I don’t know much about the Safeway shooting so I can’t comment.My understanding is transit police responded because they were very close.
The review deals heavily with training and hiring as well. And there seems to be a difference in how older officers look at this situation as opposed to younger officers. Part of the issue though still is the culture that largely prevents discussion of this without attacks and true ability to understand.
Living in Surrey, I appreciate very much what the officers on the street deal with.I can’t fathom it. The Toronto Police service chief didnt have to ask for an independent review of lethal force, it was his initiative. And for all intents and purposes, the review looks to make some compelling recommendations,while still recognizing lethal force does have a role in policing. There is no way around it.
Military Police deal with persons who are trained to kill with or without a weapon. I assume they could disarm a person without any lethal force in most cases. I doubt a distraught man, stabbing himself would have been a reason to use lethal force. But I can only speculate on the situation in the store. As a Monty python fan I know the dangers of fruit. Training is surely lacking with the officers involved and the CAF might offer a solution.
Why is it so hard to take down a perp not packing heat without killing? What ever happened to busting a cap?
To ‘bust a cap’ means to fire a shot. So, we don’t want that. We want no caps busted. Or tasered. Or jumped on. We want the cop to suss out the situation and, of no one else is in immediate danger, then we want them to concentrate on calming the situation and taking some time to do it. Yelling ‘get down, get down now!’ is not helpful. It exacerbates the situation.
bring in coppers from england to retrain without guns and have 10 year plus only for police to carry ,not 5 year rookies
killed in a minute is appalling-Nov 23 2014 BC
This is a familiar voice, and he states it better than I ever could!
The problem with criticizing police tactics is that it is interpreted as an attack on the police themselves. It is not. No one is perfect. We all make mistakes. And we all take criticism and try to do better. Or we should, anyway. And the police employing over-the-top enforcement tactics is a mistake – it is that simple. And they should fix it. Instead of fixing it, we are now seeing PR-style ‘heroic’ examples of good cops delivering babies on trains and other such nonsense. No one needs that kind of propaganda. We just need them to tone down the Gestapo/Swat/bully-boy tactics that are being taught to them. Just as the video cites that only 1/2 of 1% of the cops are bad, I will opine that less than that percentage of the people stopped by police require a ‘show of force’. The point: we do not need to defend the police with trite cliche’. They just need to fix it and then we can move on.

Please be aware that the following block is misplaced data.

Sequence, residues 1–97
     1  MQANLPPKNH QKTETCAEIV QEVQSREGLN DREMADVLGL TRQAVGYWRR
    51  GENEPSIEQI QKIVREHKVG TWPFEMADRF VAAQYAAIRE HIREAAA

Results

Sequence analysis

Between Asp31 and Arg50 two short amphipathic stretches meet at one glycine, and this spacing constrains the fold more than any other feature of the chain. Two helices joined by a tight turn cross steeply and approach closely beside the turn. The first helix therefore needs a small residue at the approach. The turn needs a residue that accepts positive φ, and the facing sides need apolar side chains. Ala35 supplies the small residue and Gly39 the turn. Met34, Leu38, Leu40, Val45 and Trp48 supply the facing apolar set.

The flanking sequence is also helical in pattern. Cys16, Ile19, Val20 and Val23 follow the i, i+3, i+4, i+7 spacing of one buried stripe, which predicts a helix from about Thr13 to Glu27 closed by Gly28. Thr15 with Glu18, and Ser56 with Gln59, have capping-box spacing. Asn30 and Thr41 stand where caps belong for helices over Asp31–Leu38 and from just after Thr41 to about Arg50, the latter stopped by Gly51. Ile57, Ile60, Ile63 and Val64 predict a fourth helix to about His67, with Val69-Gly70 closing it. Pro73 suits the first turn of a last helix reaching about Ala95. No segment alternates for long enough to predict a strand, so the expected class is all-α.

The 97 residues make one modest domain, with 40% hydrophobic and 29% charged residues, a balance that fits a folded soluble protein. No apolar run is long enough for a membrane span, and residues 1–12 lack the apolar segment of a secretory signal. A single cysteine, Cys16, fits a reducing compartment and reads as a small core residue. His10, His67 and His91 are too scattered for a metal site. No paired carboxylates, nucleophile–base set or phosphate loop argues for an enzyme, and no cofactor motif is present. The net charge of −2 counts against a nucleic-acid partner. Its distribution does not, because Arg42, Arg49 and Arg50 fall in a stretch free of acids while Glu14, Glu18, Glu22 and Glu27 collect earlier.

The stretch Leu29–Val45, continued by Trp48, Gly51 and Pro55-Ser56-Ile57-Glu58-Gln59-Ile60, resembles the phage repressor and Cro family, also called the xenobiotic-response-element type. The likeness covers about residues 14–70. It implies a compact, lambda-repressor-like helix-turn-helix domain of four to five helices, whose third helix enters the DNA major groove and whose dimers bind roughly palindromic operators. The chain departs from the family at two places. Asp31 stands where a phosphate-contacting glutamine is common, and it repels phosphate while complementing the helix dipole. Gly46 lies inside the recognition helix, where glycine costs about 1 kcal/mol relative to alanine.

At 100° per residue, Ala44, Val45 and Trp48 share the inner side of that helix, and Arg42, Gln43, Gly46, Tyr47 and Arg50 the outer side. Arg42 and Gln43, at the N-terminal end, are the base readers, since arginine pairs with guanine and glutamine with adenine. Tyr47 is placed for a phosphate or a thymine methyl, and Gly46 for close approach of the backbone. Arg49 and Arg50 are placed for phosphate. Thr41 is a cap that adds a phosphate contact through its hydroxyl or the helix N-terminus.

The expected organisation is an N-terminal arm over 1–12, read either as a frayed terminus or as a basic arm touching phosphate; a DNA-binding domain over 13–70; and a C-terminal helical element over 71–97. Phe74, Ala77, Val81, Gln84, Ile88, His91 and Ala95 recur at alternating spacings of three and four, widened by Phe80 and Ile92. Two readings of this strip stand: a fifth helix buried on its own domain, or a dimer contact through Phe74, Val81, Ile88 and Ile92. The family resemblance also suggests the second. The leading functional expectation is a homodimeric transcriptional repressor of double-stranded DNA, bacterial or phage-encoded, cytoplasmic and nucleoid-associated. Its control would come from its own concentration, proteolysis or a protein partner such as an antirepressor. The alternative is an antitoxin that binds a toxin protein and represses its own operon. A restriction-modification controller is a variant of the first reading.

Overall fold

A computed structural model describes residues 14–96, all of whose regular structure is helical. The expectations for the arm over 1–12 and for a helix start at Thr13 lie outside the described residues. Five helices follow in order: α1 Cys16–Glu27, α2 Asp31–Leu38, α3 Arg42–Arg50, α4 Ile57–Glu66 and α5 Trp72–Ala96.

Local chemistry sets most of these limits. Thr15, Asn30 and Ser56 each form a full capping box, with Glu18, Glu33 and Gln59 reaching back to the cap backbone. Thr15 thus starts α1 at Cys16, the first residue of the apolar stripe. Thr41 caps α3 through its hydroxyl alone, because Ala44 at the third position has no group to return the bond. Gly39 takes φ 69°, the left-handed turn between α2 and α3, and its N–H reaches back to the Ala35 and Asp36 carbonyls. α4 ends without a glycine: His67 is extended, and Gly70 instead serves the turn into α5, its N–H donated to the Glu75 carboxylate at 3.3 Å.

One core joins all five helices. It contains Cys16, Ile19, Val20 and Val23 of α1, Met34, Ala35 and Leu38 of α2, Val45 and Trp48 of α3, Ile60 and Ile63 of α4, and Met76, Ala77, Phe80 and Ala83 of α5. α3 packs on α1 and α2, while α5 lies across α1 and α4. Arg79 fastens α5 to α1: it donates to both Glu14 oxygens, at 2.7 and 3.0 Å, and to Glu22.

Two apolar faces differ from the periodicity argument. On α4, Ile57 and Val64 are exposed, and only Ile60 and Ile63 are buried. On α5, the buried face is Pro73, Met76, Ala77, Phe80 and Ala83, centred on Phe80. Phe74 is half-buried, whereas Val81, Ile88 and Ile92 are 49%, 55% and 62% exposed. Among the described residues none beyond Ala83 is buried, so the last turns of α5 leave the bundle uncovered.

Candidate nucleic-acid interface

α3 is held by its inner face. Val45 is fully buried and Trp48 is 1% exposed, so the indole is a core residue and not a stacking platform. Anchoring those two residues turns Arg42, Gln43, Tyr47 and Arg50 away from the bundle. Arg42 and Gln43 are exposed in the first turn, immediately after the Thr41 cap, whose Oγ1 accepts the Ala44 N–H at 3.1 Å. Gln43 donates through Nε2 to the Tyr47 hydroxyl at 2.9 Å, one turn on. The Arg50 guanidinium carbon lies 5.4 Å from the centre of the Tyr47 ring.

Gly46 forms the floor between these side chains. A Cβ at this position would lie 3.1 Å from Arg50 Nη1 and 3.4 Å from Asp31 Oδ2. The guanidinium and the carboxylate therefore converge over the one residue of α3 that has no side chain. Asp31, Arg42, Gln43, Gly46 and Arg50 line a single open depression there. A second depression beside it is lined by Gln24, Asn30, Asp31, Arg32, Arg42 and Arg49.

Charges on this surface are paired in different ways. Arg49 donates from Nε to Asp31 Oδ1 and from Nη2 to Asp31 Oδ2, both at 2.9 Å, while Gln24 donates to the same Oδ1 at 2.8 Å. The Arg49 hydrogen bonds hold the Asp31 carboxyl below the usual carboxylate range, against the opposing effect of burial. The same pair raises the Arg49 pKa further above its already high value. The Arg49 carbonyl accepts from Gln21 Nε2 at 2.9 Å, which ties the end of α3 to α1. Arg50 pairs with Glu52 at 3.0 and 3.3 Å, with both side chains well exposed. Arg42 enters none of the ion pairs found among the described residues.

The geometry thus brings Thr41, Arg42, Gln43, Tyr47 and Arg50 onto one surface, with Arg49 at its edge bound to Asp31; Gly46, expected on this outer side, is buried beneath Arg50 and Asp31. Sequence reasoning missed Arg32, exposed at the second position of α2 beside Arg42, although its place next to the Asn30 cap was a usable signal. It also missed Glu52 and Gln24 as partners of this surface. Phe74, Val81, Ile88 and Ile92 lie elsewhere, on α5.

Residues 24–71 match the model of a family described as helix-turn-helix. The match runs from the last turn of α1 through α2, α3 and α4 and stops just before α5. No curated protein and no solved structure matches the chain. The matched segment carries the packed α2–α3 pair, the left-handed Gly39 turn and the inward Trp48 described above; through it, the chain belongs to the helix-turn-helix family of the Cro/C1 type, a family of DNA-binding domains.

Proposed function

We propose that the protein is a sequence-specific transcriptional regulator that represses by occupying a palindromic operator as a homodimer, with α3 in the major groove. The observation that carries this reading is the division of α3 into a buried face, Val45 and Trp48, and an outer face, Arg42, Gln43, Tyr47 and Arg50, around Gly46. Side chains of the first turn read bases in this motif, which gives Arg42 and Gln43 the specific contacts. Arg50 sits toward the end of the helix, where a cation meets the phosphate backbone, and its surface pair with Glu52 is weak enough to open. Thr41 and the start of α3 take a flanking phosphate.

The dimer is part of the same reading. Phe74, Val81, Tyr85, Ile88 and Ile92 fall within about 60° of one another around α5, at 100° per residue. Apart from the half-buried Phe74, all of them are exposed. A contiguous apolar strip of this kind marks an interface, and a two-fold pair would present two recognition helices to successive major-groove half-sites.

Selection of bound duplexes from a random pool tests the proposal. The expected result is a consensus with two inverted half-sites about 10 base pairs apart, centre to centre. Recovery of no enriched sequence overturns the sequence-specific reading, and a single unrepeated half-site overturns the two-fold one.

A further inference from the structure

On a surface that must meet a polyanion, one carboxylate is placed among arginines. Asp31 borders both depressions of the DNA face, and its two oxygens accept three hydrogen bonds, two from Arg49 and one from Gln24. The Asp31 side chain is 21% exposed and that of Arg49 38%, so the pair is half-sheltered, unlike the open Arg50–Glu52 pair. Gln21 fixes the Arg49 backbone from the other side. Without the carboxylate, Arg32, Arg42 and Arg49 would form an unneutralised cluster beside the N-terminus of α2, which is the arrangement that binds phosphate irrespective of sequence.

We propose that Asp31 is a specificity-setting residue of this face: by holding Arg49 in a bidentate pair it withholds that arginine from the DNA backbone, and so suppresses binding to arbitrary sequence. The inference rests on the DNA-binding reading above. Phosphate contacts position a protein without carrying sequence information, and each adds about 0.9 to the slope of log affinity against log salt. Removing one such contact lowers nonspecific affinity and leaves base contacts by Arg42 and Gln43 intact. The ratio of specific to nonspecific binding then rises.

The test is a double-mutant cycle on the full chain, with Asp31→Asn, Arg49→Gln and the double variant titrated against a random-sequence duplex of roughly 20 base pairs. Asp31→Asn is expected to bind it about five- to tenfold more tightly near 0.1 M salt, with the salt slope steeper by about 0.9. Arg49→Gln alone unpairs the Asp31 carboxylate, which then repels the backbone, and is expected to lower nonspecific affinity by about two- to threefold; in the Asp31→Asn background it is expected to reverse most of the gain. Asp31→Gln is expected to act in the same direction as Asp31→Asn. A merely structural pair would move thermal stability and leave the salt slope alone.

Nov 23 2014
Man killed in a minute, no knife ,no gun. Vancouver BC.
Fogarty told CBC News that he estimates the entire interaction took place “within a minute.”
Proper training to start, better recruitment practices and get rid of the paramilitary organization called the RCMP. We need policemen trained to be policemen not soldiers who’s underlying job is to kill people. Fortunately, most of our older more experienced officers have, in spite of the organization they work for, have become good policemen.
I don’t know who to attribute this to, but…………………………..
I Was A Police Officer.
>>>> “Today, I will not answer the radio call that your boyfriend has come
>>>> drunk and is beating you again.
>>>> Today I will not answer the radio call that your 16 year old daughter,